Thursday, November 3, 2016


In a year with so much hate for Mexican-Americans (much like myself) Desierto proves to be one of the years most terrifying films, if not the most terrifying given it's subject matter. So many of us like to believe racism is gone, or that it's making a comeback due to a certain orange monster (I promise I won't get too political here, but come on, there must be some talk of it with a movie like this), but the truth is that it will always be here, regardless of how much we hide it. I certainly don't like racism, but it exists, some are more open than others about it, which is frightening and understanding it doesn't matter, because it is evil and makes little sense no matter how much you try to explain it. That, is why Desierto works so much, little is explained beyond the obvious, but it really doesn't need to be explained, sometimes people just hate, we can assume based on tiny details, but it doesn't matter because that hate can never be justified.

The film runs on a very basic plot, immigrants cross the border to America, a racist white man played by Jeffrey Dean Morgan goes out to hunt and kill every single one of them, and we follow a lead who is trying to survive. I'm not joking, that's it, once the shooting starts, everything that follows is just watching our lead trying to survive with his small group, it's basic, but it has to be for us to truly feel the fear of the situation. Aside from a small break wherein the lead, (Gael Garcia Bernal) and a younger immigrant (played by Alondra Hidalgo) discuss their reasons on traveling to America, the film is a relentless cat and mouse chase that never eases up, making for an incredibly visceral film. It's, as I said before, a very basic story, which makes it all the better, sure a movie with deeper commentary on crossing the border may be "smarter", but you won't find the same fear of the travel and racism in that film, this feels honest, who really needs a reminder that these people are going through some hardships for a better life, when we know a racist wants them dead just for trying? During the short break midway through the film, Alondra's character says it best "no one deserves to die like that" in response to another immigrant who was pretty awful, in a way that line perfectly states how I feel about the movie, regardless of who any of these people were (most of which we barely get to know) they don't deserve a death like this, I don't care about learning everyone's life story, I just don't want to see them die horribly because they are people and in the end, that's what matters.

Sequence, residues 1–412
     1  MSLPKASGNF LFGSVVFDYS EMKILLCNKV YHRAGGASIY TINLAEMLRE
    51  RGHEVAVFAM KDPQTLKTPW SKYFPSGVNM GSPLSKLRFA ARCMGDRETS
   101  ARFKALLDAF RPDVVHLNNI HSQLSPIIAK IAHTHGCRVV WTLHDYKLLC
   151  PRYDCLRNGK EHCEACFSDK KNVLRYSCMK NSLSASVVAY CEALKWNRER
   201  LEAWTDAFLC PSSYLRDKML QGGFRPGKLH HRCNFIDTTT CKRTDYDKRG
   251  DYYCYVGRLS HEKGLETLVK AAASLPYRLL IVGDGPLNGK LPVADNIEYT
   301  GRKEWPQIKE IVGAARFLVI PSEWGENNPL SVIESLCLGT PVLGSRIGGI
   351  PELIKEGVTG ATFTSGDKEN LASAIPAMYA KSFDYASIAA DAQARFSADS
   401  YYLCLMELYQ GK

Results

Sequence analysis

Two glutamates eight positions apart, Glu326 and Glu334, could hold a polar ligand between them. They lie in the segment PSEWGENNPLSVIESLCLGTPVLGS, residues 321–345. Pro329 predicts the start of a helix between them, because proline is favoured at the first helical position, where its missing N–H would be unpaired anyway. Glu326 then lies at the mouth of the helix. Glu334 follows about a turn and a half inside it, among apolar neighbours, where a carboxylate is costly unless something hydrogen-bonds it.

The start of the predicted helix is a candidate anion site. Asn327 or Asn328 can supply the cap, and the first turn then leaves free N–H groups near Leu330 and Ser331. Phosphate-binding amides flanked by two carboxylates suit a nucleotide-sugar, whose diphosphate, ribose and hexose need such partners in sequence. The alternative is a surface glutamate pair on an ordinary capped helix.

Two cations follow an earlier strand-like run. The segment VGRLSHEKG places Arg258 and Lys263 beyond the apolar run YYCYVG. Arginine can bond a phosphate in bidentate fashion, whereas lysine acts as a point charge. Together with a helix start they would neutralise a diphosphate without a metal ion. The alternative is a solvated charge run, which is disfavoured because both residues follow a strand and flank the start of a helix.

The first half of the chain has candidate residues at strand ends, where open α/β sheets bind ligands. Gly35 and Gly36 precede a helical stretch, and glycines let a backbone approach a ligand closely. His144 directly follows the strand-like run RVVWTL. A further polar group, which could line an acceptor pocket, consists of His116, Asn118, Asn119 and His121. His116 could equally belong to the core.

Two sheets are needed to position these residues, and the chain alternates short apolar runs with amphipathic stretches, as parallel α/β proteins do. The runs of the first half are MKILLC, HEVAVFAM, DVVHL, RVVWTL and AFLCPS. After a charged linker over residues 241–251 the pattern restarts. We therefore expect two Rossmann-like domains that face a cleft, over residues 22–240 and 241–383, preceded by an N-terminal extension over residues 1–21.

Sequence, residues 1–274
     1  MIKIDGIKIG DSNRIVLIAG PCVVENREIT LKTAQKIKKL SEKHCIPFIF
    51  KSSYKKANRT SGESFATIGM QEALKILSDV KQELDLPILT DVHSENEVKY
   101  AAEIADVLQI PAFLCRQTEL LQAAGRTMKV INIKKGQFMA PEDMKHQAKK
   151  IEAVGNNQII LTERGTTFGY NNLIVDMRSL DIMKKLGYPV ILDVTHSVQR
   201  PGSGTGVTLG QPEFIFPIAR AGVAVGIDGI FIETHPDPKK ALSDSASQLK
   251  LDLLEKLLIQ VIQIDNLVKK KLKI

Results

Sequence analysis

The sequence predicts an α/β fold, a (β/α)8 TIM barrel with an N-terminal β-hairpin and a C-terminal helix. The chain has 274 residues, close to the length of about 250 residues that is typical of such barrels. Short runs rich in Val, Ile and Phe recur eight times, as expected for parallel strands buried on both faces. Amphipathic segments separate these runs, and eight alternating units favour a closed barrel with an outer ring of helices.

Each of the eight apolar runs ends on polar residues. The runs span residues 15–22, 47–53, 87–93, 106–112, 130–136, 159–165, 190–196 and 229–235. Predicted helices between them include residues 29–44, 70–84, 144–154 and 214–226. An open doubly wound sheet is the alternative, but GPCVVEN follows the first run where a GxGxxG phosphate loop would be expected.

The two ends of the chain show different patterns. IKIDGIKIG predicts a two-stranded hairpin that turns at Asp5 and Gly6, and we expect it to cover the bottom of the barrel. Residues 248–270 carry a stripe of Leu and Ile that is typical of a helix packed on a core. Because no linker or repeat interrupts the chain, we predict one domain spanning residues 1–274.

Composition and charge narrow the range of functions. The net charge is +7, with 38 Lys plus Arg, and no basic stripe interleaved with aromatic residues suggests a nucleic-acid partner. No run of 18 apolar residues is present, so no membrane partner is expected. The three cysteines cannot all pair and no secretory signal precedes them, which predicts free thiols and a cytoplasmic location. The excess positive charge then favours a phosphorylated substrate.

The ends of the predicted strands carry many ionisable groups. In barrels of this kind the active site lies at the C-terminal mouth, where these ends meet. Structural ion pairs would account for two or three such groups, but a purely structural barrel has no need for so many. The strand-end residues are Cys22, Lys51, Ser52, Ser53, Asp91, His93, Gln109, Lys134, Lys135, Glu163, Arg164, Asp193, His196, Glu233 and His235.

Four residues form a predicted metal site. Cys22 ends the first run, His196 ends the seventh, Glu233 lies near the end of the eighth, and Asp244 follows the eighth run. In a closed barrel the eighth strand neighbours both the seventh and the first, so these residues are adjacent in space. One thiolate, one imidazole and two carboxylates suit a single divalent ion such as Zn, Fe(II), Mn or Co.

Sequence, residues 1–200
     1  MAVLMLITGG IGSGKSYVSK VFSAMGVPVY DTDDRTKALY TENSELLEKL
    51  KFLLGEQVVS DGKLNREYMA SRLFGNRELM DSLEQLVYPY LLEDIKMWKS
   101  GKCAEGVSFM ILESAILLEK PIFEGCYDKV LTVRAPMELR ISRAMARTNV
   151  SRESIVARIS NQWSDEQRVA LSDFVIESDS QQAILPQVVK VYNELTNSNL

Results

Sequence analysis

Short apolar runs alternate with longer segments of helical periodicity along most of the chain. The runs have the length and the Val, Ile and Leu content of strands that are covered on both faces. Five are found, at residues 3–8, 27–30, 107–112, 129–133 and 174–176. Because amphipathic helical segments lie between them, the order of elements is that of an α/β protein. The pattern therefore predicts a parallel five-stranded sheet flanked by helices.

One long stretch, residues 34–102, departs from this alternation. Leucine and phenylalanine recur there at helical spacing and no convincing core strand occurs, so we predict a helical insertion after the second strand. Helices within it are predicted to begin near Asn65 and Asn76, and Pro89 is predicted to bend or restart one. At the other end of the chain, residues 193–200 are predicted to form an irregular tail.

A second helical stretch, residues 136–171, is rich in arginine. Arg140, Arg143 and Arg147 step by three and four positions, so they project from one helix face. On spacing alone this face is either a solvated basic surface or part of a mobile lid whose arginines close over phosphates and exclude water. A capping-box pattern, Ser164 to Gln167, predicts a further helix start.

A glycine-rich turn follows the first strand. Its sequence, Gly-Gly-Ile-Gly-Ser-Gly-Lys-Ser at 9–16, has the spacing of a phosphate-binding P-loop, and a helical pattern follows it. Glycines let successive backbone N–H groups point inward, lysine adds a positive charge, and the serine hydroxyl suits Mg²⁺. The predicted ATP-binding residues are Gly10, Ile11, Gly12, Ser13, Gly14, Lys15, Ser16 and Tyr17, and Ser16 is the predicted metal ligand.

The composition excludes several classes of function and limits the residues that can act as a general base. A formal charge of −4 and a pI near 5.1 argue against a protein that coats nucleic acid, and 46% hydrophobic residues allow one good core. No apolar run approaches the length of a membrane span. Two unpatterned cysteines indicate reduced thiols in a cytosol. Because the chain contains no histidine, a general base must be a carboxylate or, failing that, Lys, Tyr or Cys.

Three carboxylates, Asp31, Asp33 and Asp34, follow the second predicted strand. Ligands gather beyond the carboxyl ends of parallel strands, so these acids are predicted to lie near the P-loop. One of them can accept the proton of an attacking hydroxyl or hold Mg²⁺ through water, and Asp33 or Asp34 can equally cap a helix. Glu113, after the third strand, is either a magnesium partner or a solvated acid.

Before we go any further, I'd like to make it clear, this movie isn't perfect, nor does my background (granted I never crossed the border as I was born in the states) suddenly make me forget the flaws here. If Desierto's main strength is keeping the tense situation going for the bulk of it's run time, it's major flaw is finding a way to keep the lead alive. As mentioned earlier, a short break from the tension occurs,while I get why it's there, I wish they had found a better way to start it, Jeffrey's character Sam just deciding to take a break just feels odd, and not at all true to his character. That short break could easily be overlooked though, just for the importance of what comes after, it's Sam's shooting skills that really bugged me by the end, early on we see him pick a majority of the traveling group with ease, yet when it comes to the lead, he often misses what would be easy shots, the film tries to hide this by having random plants appear next to the lead, as if they were shields, but it just feels awkward. Despite that, I still always found tension, even at the lead's expense, so the movie remains effective as far as I'm concerned, perfect? Obviously not, but it works.

We have here a beautiful film, one that deserves to be watched on a big screen. The acting is serviceable with everyone involved, except Jeffrey Dean Morgan, who is just terrifying and great here, along with his dog Tracker. Everything the film does right keeps the brief run time of 90 minutes flowing, my heart never stopped pumping, which made the experience all the more worthwhile, it's beautiful to look at, but frightening to experience.

In a year with the most horrific candidate running, a year where the hatred presented in Desierto is all too real, Desierto feels like the right movie for this moment in time. What makes the movie great, is that the context of this year isn't needed for it to be effective, it's simple, but it conveys more through it's simplicity, than something with more complexities could in a plot like this, go watch it as soon as you can, there's nothing more horrifying this year, than a racist with a gun.

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Written by Octaviano Macias

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